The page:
The End Of Yuniesky Betancourt
Ronny Cedeno played shortstop for the Mariners again last night. That’s four games in a row with a couple of off days thrown in. Add it all up, and Yuniesky Betancourt hasn’t been in the line-up in a week. And this time, it’s not an ultimatum with an opportunity attached – the Mariners are ready to pull the plug on the guy. LaRue’s got the good quotes:
Betancourt, who has had meetings with his manager and coaches all season, insists he’s doing nothing different now than ever.
“I’ve been doing the same routine for years,” Betancourt said. “I can’t control the lineup. I’m doing whatever I’ve done in the past.”
That, of course, may well be the issue. Betancourt has never been a hard worker, and the past four days have not served him well.
Since being out of the lineup, his teammates say, Betancourt has not taken a single ground ball.
And Monday, when 12 position players showed up for early batting practice, Betancourt was not among them.
“I was asleep on the plane when they announced that,” Betancourt said.
Clearly, this management group – from general manager Jack Zduriencik to Wakamatsu and his coaches – have had enough of half-assed workouts and a failure to adjust.
The simple truth is, Betancourt has minor league options left, and one plan is to send him down and tell him he won’t be back until he shows his work ethic has changed.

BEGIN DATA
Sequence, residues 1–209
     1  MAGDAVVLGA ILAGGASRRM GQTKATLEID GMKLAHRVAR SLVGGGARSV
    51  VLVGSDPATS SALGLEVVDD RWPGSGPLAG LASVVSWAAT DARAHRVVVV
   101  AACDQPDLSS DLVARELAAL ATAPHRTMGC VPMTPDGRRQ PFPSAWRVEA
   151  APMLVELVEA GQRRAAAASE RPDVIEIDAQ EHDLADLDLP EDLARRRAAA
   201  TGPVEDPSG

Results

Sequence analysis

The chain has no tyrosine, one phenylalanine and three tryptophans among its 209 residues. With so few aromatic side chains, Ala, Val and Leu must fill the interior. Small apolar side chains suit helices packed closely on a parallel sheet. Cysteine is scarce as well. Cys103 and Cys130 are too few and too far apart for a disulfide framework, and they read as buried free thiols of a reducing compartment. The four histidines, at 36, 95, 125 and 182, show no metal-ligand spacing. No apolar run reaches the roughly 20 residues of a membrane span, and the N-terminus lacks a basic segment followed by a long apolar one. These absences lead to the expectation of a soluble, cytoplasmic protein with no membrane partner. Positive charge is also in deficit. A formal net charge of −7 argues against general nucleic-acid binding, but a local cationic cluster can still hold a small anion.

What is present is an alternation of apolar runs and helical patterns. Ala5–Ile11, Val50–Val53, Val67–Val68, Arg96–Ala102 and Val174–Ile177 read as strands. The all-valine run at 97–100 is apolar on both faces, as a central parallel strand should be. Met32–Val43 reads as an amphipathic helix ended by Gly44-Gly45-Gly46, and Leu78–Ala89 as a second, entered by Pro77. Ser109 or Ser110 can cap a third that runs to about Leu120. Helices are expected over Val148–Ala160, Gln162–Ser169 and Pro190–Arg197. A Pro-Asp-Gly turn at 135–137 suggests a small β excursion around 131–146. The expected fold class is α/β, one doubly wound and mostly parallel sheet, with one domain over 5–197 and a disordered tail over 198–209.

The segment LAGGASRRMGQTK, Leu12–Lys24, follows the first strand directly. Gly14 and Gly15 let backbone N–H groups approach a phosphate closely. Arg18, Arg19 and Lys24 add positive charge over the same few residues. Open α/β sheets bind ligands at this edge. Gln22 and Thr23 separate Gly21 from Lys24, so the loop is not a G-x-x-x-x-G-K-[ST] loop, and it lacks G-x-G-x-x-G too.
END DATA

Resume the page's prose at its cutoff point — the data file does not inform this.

“You can’t play a guy who doesn’t work hard on a team where everyone else busts their ass,” one Mariner said. “I don’t know why this never happened before, but no one in this clubhouse has any doubts about why it’s happened now.”
Well, no one but Yuni.
We’ve all watched first hand as Yuni has regressed from an athletic young player into a complete waste of space and time. His lack of hard work is nothing new – even after an offseason where he trained with Raul Ibanez, he showed up to camp as the same rotund non-athlete that he was at the end of last year. He’s getting worse at every facet of the game, and at this point, he’s not a major league player.
We’ve all had enough, and so have the M’s. If Betancourt wants to actually put in a little bit of effort to live up to the abilities he was born with, great. But he needs to do that in Tacoma, and earn his way back to the major leagues by showing that he cares enough to make himself into a guy who deserves to be here. If that never happens, so be it – I’m perfectly happy never having to watch him play baseball again.